In January of 2020, Sonos filed two lawsuits against Google, claiming that the latter stole its multiroom speaker technology and infringed on 100 patents. In September, Sonos then sued Google alleging that the company’s entire line of Chromecast and Nest products violated five of Sonos’ wireless audio patents. A judge (preliminarily) ruled in favor of Sonos. Now it’s gone from bad to worse for Google, as the preliminary findings have been finalized by the U.S. International Trade Commission. As a result, Google is not allowed to import any products that violate patents owned by Sonos, which Sonos argues includes Google Pixel phones and computers, Chromecasts, and Google Home/Nest speakers.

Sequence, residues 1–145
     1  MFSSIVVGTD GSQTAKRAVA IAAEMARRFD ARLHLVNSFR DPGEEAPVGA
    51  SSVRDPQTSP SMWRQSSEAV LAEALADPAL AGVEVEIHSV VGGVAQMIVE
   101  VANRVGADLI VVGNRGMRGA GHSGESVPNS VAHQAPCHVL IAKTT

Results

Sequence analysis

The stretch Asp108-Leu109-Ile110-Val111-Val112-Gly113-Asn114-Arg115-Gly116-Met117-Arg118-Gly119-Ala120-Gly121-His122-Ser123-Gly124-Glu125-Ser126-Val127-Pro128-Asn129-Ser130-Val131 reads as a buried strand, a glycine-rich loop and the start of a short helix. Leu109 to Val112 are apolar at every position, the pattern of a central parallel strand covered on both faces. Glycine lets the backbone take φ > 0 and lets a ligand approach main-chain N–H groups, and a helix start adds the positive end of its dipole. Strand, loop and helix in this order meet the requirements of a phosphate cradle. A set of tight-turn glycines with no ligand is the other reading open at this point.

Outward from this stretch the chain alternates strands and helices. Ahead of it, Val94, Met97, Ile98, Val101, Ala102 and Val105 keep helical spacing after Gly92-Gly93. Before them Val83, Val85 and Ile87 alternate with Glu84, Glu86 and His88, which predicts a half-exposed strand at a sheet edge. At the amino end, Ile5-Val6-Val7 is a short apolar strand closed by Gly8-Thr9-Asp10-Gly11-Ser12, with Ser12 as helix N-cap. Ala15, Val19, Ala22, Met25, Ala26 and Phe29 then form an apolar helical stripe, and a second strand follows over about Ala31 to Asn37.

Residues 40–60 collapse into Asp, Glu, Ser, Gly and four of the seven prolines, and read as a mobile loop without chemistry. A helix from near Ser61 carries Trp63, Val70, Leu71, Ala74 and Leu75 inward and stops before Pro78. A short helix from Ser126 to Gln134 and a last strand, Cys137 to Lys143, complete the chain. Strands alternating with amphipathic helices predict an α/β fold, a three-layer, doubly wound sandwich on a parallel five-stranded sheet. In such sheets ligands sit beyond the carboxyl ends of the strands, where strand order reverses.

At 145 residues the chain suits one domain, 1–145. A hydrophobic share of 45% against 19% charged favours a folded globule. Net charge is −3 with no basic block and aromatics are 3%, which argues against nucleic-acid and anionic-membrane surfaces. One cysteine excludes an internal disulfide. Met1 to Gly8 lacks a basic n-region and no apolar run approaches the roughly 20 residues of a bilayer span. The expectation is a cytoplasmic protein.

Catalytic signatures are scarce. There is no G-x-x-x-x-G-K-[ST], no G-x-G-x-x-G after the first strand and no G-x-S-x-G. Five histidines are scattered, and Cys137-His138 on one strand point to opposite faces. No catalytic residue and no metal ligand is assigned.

These products produced by Google are often made outside of the United States and imported, hence why this is a big deal for Google. In the ruling (PDF) (via The New York Times), Google was also served a cease & desist in order to stop violating Sonos’ patents. It has been theorized that as a result of the lawsuit, Google had removed Cast volume controls in Android 12, though it was recently added back with the January 2022 security patch. Sonos has previously said that it had proposed a licensing deal to Google for patents the company was making use of, but that neither company was able to reach an agreement. […] There are still two more lawsuits pending against Google filed by Sonos, meaning that it’s unlikely this is the last we’ve heard of this spat.